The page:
Why did the GCOT decide that the voting direction option should not apply to


> -----Original Message-----
> From: owner-gnso-osc@xxxxxxxxx [mailto:owner-gnso-osc@xxxxxxxxx] On 
> Behalf Of Ken Bour
> Sent: Tuesday, April 05, 2011 12:16 PM
> To: 'Philip Sheppard'; gnso-osc@xxxxxxxxx
> Subject: [gnso-osc] GNSO Council Proxy Procedures: Clarification
> Philip:
> In answer to your question, it might be helpful to understand that the 
> defines two types of abstentions:  volitional and obligational.   The
> latter
> category occurs when some personal or professional conflict arises
> respect to a motion (a.k.a. "conflict of interest").   Volitional
> abstentions include the following types of situations (illustrative) 
> that a Councilor might encounter:
>    - Perception of being inadequately informed
>    - Has not participated in relevant discussions or studied available 
> materials
>    - Lacks sufficient understanding, expertise, or technical knowledge
> When the GCOT first started working on voting remedies, they only 
> applied to the above abstentions.  Later, it occurred to the GCOT that 
> voting remedies should also be available for incidental absence and 
> even more
> situations such as leaves and vacancies.  Because the entire section
> abstentions and remedies had already been drafted, the GCOT recognized 
> that, for an absence, all that a Councilor would have to do is declare 
> a voluntary abstention (added 4th reason = I cannot be present) and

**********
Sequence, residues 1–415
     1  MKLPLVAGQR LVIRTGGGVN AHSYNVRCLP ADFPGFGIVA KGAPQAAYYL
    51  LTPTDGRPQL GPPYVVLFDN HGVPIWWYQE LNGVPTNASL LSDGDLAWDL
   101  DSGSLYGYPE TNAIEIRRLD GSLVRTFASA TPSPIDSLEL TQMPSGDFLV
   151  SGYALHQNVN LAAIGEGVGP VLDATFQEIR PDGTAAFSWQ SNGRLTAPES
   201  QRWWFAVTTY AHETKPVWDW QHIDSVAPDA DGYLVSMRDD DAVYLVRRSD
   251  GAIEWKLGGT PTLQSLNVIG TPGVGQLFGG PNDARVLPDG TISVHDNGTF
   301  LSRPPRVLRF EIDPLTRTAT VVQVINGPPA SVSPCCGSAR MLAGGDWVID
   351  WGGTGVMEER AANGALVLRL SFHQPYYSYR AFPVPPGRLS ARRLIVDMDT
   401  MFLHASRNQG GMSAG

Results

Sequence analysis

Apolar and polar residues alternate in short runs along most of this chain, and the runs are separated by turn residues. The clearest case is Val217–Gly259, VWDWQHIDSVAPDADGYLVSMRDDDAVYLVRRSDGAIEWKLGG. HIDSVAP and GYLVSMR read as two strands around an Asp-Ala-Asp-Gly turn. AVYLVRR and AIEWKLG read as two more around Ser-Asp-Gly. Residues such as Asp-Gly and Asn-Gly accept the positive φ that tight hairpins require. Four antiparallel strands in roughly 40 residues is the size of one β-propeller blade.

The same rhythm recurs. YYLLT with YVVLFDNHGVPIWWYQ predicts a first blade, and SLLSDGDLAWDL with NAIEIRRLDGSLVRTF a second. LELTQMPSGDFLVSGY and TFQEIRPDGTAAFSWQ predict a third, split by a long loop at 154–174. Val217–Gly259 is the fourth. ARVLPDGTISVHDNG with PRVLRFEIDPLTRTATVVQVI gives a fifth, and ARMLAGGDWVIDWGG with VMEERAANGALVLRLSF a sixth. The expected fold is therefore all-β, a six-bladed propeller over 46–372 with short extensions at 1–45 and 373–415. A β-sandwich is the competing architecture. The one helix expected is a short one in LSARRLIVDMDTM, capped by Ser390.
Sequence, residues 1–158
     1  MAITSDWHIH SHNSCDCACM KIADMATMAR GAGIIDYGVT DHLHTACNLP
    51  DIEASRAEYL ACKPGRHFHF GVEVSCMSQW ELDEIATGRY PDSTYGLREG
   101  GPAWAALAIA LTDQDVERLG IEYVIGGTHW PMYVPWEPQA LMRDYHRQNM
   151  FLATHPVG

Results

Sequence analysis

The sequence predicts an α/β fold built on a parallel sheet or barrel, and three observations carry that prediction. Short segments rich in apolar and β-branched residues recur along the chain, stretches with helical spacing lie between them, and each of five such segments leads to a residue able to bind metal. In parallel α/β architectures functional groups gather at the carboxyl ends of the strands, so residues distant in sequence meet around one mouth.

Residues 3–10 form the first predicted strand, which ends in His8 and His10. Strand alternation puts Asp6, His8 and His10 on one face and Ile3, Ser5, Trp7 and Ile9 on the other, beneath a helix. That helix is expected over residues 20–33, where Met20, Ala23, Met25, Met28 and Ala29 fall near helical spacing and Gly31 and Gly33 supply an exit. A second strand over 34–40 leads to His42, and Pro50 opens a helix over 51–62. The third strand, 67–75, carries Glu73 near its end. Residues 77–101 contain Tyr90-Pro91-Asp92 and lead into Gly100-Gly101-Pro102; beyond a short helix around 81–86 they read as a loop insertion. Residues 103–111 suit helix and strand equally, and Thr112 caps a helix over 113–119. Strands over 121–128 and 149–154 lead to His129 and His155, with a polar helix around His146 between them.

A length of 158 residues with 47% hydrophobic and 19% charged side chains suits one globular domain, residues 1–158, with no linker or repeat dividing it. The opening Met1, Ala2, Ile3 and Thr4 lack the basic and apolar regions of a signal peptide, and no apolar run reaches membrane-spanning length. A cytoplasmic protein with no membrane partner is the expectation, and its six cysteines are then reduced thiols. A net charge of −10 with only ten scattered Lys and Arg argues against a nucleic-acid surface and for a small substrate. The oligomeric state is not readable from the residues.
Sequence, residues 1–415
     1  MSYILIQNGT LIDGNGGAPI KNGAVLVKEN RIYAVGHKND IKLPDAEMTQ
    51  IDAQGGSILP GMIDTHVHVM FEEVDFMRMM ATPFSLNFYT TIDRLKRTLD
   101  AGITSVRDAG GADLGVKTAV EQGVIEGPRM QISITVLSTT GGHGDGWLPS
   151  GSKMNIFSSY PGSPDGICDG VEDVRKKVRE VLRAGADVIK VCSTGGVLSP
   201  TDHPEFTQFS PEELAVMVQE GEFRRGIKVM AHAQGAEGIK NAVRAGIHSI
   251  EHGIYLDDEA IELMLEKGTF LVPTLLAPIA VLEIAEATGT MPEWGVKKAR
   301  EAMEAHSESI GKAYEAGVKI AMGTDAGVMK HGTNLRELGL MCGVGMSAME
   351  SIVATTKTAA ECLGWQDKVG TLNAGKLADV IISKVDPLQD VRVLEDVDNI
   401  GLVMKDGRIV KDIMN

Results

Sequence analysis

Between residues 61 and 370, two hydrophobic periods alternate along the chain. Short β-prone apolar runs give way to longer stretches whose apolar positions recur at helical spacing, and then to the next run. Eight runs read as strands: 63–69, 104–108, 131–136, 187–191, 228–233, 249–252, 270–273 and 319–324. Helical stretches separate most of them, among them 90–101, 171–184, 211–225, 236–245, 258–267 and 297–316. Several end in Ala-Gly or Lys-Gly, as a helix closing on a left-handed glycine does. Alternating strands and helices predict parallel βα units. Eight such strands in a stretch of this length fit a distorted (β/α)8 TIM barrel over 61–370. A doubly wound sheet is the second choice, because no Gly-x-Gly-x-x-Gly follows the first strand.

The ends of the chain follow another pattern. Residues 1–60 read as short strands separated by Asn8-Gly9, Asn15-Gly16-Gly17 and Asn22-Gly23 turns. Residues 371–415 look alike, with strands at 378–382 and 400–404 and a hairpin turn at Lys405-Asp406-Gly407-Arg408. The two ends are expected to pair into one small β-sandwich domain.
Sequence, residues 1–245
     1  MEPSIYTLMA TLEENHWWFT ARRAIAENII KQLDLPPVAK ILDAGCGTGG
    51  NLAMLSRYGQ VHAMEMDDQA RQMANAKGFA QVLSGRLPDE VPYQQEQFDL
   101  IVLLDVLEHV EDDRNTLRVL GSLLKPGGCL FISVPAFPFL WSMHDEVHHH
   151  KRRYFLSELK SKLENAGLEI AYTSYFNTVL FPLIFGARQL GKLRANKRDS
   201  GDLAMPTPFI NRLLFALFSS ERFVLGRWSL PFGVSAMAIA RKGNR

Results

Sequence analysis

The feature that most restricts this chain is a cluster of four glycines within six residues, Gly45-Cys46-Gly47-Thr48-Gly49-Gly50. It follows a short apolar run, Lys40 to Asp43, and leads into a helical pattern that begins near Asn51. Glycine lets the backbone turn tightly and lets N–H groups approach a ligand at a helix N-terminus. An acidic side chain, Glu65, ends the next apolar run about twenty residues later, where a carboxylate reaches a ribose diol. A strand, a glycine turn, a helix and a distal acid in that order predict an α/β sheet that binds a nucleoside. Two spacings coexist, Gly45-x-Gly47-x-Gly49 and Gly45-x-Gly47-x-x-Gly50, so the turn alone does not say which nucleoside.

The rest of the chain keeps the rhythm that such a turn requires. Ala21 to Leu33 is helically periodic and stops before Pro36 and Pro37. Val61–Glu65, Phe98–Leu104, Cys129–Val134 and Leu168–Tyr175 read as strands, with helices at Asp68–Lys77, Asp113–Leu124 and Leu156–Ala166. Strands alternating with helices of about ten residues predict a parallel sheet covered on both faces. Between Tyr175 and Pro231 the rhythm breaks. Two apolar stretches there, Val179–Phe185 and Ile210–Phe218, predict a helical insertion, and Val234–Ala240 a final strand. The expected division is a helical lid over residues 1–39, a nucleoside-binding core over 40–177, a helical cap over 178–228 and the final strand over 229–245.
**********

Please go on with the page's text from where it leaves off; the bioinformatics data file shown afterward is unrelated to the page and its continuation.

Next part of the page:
> the voting remedies become available without having to perform major 
> surgery on the procedures.
> In essence, an abstention is interpreted to mean, quite simply, "I 
> choose not to vote" and it can be declared for any number of 
> legitimate reasons including non-attendance.
> I understand how this construct might appear confusing (i.e., absence
> >
> abstention); however, I assure you that no deception was ever
> Everything summarized above is thoroughly documented within Sections
> 3.8 and
> 4.5 of the GOP.
> If you have any additional questions, I will do my best to address 
> them.
> The GCOT's development of these procedures, as you can imagine, was 
> intense and challenging and took the better part of a year to 
> accomplish.  I retained in my archives every email and document 
> version from the earliest drafts (Fall 2009).  We also have the audio 
> recordings of GCOT meetings.
> With a bit of research, I should be able to reconstruct the logic tree 
> for practically every consensus decision made.
> Regards,
> Ken Bour
> P.S.  The Voting Direction remedy does not apply in the case of an 
> absence - only an abstention caused by some conflicting situation.  
> Also, when Voting Direction does apply, it can only come from an 
> Appointing
> not
> another Councilor.
> -----Original Message-----
> From: owner-gnso-osc@xxxxxxxxx [mailto:owner-gnso-osc@xxxxxxxxx] On 
> Behalf Of Philip Sheppard
> Sent: Tuesday, April 05, 2011 10:46 AM
> To: gnso-osc@xxxxxxxxx
> Subject: RE: [gnso-osc] GNSO Council Proxy Procedures: Clarification
> Thanks Ken,
> I hoped had had caught this is my point 2 but your detail is most 
> helpful.
> Personally, I find the idea of declaring an abstention when in fact
> an
> absence to be odd.
> At best it is confusing, at worst deceptive (especially if a voting 
> direction is then provided by the absent Councilor) !
> I'd be interested to learn why this construction was invented.
> Philip